“Stalin also actively promoted forest environmentalism for the benefit of the state, establishing levels of protection unparalleled anywhere in the world… Stalin’s environmental policies codified into law an assumption that healthy land was forested land and that deforestation represented serious environmental dangers to the state’s larger project of modernization, in the form of droughts, floods, hydrological disturbances, and crop failures… Forest protection ultimately rose to such prominence during the last six years of Stalin’s rule that the Politburo took control of the Soviet forest away from the Ministry of Heavy Industry and elevated the nation’s forest conservation bureau to the dominant position in implementing policy” (Song of the forest, p. 116)

However, “after Stalin’s death, the forest protection bureaus were demoted or eliminated entirely” (Stalin’s Environmentalism, pp. 97-98)

“Such an assertion, clearly, represents a significant revision to the existing consensus about Soviet environmental politics, which holds that Stalin’s government was implacably hostile to environmentalist initiatives.” (Stalin’s Environmentalism, p. 93)

“The concensus”

“the shortcomings of Soviet environmental policy [which actually took place in the revisionist period, not in the Stalin-era~MLT]… have been extrapolated into a sweeping conclusion that conservationist or preservationist awareness in the Stalin era was entirely lacking.” (Song of the forest, p. 4)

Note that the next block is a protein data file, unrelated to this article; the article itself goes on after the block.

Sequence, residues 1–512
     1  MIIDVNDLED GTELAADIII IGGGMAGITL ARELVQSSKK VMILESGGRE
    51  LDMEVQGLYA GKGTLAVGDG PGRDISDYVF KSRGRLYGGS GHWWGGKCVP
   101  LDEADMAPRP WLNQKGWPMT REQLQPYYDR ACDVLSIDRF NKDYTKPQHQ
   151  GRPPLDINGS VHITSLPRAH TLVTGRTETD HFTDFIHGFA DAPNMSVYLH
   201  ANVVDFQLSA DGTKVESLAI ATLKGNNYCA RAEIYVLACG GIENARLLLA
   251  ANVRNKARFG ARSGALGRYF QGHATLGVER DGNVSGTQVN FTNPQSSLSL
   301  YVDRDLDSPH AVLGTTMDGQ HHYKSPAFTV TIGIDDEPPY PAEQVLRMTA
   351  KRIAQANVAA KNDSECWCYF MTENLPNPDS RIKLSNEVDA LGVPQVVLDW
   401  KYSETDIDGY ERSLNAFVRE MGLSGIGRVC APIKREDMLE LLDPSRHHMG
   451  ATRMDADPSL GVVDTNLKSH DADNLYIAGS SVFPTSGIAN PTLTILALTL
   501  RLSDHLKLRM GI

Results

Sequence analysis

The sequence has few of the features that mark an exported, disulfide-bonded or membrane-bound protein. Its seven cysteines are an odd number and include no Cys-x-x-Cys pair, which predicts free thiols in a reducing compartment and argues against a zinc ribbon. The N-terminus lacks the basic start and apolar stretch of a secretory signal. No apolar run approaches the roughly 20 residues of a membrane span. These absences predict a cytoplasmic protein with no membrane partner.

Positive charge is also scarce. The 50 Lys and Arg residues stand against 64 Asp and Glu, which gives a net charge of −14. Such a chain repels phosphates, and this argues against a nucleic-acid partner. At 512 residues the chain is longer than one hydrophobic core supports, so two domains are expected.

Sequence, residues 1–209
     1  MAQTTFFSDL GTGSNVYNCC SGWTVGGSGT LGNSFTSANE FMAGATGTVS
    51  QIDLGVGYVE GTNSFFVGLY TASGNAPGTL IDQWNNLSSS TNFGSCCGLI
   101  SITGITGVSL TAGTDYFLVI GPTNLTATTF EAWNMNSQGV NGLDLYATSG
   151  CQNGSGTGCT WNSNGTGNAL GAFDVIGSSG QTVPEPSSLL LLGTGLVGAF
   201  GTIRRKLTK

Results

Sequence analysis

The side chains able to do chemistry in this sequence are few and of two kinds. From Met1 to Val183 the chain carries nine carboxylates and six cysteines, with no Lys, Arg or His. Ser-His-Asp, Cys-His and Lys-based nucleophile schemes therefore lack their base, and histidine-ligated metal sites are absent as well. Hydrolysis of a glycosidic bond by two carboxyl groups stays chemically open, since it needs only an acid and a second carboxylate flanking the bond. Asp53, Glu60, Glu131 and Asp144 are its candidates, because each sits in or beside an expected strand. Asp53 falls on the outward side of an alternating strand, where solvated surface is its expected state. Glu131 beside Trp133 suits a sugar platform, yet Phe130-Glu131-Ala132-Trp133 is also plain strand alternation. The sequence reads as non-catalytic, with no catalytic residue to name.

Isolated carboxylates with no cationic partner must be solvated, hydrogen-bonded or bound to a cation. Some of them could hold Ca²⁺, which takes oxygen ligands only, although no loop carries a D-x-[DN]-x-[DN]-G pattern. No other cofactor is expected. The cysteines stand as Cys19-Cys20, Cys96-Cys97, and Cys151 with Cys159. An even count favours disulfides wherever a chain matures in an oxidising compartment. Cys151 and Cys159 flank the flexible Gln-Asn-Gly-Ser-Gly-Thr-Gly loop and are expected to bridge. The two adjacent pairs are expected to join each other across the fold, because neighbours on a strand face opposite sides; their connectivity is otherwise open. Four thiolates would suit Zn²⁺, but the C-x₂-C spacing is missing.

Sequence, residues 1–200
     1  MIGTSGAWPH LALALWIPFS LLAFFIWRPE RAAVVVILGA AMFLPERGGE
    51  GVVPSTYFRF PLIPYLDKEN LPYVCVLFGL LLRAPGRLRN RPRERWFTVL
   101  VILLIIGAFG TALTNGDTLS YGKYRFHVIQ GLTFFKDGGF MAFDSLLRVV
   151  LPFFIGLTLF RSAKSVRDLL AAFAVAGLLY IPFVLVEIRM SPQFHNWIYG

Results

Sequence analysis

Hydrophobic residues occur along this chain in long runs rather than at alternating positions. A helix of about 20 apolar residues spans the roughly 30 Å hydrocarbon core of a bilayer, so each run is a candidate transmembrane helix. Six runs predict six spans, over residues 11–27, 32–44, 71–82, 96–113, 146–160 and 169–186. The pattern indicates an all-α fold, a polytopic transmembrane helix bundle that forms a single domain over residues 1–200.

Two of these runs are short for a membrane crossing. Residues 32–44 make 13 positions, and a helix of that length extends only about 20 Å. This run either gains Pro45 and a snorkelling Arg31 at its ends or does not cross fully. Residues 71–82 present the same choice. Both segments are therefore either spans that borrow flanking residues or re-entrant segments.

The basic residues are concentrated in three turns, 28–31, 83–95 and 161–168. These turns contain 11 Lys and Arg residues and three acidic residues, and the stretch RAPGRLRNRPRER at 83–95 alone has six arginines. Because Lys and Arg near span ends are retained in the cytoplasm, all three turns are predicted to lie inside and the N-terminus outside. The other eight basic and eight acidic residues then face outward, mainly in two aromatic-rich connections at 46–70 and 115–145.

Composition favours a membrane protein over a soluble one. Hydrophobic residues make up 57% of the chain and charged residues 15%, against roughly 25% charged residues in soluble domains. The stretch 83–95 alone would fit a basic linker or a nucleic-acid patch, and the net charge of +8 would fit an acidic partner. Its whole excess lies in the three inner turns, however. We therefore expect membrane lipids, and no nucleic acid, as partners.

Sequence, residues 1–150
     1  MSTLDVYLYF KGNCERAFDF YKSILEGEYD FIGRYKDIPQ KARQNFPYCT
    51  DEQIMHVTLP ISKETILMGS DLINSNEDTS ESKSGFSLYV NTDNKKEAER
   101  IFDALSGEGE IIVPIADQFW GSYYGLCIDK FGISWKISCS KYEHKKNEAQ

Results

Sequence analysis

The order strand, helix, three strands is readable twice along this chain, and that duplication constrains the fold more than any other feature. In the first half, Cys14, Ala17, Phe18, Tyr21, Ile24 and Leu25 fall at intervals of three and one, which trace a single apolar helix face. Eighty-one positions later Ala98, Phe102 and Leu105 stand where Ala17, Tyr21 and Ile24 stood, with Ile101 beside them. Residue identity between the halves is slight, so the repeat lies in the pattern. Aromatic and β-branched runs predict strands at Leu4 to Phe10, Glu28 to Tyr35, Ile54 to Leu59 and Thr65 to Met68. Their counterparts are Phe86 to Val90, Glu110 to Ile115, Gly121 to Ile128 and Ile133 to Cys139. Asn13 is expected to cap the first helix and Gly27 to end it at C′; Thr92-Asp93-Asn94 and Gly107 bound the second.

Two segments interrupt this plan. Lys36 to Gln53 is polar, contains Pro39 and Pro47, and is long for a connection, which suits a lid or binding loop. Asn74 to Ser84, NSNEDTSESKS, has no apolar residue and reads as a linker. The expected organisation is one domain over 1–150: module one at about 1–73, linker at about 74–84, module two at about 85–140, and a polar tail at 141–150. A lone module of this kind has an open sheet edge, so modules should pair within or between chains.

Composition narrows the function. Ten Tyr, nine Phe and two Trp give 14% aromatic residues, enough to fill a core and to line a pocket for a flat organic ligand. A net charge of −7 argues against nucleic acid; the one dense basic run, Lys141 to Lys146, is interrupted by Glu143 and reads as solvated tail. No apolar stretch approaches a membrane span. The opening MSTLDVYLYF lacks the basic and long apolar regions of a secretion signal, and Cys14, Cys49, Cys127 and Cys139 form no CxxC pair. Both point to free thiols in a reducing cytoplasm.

The revisionists actually carried out projects in the 1960s, 70s and 80s which had very serious environmental effects. The Siberian oil industry, the gas industry and the drying of the Aral sea by the revisionists are usually given as examples. However, in the Stalin era the USSR had a completely opposite policy. There is no link between the environmentally destructive policies of the revisionists and the Marxist-Leninist policies of Lenin and Stalin.

Immediately after the October Revolution Lenin had called for nationalization and conservation of forests:

“We must demand the nationalisation of all the land, i.e., that all the land in the state should become the property of the central state power. This power must fix the size, etc., of the resettlement land fund, pass legislation for the conservation of forests, for land improvement, etc.” (Lenin, The Tasks of the Proletariat in Our Revolution)

Lenin and Stalin already supported environmental protections in the 1920s:

“Lenin and Stalin called for aggressive afforestation at Party conferences in the 1920s” (Song of the forest, pp. 143-144)

However, in the Lenin and Stalin periods, the USSR did emphasize that humanity must use science to improve production, build industry, electricity etc. Statements were made, which emphasized that humanity changes the world. These statements were then twisted into supposed “evidence” of Soviet hostility towards nature: